Published: 26/05/2005, Volume II5, No. 5957 Page 2

The big day has come and gone. And NHS IT didn't swing the election one way or the other - although the national programme went into purdah for the duration of the campaign, just in case.

The Labour manifesto promised to give patients more information through NHS Direct and the new NHS Direct website. The Conservative and Liberal Democrat manifestos had nothing to say on the subject at all.

This prompts several thoughts: first, things used to be different; second, It is low profile is strange, given some of the other themes of the campaign; third, things may change now the election has passed There was a time when Labour found new technology exciting. Its 1997 manifesto, for example, promised to 'promote new developments in telemedicine - bringing expert advice from regional centres of excellence to neighbourhood level'.

And the NHS plan was full of technology promises. 'Modern IT systems for every hospital and GP practice': bedside telephones and televisions for every patient, direct booking for hospital appointments (a 2001 manifesto pledge) and patient smartcards holding medical records (another manifesto pledge).

Looking at that list, perhaps it is not surprising that Labour was less prescriptive in its promises this time around.

Telemedicine never seems to get beyond pilot projects, and smartcards are yesterday's hot technology.

Bedside telephones and televisions have been rolled out, but how many patients resent the cost and the involvement of private companies?

And then There is the big stuff: electronic booking and modern IT systems. Which brings us to the national IT programme, renamed NHS Connecting for Health on 1 April.

Even NHS CfH director Richard Granger admitted at this year's Healthcare Computing conference that the programme has been in a 'dip' for the past few months. Of course, he is also adamant that it will climb out again, and his list of successes makes it possible to construct a case in support (HSJ, news, page 9, 31 March).

However, with the N3 broadband network running into problems, suppliers (un-named) being warned they could be booted out if they do not start delivering, money tight and choose and book still making appointments in the low dozens, ministers must have been glad they didn't have to state the case in April.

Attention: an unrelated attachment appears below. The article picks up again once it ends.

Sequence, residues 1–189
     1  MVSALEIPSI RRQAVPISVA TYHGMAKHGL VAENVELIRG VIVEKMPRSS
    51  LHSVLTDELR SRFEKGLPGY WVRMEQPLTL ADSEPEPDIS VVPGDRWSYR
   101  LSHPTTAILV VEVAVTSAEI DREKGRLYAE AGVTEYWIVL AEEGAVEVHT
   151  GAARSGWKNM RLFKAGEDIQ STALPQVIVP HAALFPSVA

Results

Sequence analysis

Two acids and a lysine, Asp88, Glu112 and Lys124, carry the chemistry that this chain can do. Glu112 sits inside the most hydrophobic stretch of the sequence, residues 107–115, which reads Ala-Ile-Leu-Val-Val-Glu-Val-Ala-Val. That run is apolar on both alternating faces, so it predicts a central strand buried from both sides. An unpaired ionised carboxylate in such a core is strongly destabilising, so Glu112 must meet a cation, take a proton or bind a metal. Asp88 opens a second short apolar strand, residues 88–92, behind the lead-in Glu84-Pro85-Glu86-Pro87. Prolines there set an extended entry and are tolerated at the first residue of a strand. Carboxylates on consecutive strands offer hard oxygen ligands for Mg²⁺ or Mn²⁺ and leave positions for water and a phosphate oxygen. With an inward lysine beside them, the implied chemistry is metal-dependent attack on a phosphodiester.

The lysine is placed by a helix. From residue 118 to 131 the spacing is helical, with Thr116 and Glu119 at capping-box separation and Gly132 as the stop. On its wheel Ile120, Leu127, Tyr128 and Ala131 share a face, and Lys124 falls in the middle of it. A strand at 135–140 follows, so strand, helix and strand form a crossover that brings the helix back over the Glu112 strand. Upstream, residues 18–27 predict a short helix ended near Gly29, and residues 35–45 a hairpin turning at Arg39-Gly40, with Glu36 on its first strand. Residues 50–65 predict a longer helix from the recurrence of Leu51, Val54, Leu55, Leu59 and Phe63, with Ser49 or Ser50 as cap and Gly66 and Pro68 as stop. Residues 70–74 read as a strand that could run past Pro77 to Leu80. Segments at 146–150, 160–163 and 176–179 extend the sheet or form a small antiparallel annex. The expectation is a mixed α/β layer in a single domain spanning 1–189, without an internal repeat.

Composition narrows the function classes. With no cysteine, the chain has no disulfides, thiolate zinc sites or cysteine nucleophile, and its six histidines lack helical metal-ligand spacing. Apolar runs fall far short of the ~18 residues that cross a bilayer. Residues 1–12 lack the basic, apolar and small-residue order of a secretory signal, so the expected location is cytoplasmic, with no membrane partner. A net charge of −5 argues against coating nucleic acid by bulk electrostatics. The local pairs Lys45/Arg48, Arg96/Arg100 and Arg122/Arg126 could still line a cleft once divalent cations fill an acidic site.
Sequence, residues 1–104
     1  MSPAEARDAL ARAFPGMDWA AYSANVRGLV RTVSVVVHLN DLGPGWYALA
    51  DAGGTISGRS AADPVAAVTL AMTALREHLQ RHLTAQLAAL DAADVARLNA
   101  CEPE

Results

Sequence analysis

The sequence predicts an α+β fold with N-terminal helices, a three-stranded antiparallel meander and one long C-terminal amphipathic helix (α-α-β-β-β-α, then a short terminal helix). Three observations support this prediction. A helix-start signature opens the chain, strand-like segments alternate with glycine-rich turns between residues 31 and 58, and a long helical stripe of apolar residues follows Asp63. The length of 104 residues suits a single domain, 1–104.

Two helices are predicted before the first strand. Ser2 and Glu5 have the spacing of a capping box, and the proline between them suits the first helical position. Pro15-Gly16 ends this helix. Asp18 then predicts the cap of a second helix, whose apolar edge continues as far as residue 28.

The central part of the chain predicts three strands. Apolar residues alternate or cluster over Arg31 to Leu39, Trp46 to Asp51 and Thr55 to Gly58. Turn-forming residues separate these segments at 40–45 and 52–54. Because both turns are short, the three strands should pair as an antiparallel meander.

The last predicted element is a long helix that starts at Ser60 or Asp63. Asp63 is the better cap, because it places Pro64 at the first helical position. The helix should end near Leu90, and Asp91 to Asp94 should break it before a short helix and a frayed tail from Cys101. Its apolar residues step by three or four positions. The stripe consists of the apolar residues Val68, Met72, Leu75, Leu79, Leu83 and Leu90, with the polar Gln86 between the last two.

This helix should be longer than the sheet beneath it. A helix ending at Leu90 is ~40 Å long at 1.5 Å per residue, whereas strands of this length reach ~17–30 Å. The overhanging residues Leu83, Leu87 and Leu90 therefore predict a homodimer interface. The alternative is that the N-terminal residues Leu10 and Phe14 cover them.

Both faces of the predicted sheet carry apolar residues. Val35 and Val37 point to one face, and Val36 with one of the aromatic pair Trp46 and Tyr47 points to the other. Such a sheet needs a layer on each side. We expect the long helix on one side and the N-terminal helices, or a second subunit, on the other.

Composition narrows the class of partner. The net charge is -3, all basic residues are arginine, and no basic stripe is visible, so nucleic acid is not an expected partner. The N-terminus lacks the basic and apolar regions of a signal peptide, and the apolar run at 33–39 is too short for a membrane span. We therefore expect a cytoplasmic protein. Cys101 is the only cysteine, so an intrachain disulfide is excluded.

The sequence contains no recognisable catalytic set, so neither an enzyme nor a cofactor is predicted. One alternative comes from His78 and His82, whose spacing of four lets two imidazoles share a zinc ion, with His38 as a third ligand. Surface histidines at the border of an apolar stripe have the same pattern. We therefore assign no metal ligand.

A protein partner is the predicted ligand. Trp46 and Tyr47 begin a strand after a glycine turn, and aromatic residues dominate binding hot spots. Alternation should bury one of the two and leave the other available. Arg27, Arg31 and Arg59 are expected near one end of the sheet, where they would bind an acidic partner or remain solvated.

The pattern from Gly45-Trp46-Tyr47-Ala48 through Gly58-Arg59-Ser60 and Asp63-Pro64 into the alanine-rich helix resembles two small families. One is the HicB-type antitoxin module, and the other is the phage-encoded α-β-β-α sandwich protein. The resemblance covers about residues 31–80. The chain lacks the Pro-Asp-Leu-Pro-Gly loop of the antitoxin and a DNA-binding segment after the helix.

This low profile is strange. After all, the government's competence in spending taxpayers' money was a theme in the election campaign. So was the need to find efficiency savings and to deliver a more personalised health service.

Of course, election campaigns are about big themes, not details, and this one was less enlightening and more alienating than most. But It is hard to believe that things will stay quiet on the NHS IT front once memories of the election have faded.

For a start, poor John Hutton has been allowed to escape the Department of Health in the reshuffle, and Lord Warner put in charge of delivering the programme.

And the programme needs to get out of its 'dip'. This may mean some action on the supplier front, but it may also require action on funding.

IT spending across the NHS seems to be rising, but only slowly, and unevenly across the country (see pages 8-9). Mr Granger hinted in Harrogate that this is because managers fail to understand the benefits of IT.

However, chief executives are - generally - canny people. It is possible they're also waiting for IT to become an actual, rather than a stated, priority, and/or for more incentives to get with the programme.

I am sure Mr Granger, an arch negotiator, knows this. It will be interesting to see who has to give what to start the whole show moving forward again.

Finally, the programme needs to come out of purdah and use its relaunch to both open up and try to charm a few people, not least doctors and the public, who continue to worry about security and confidentiality. .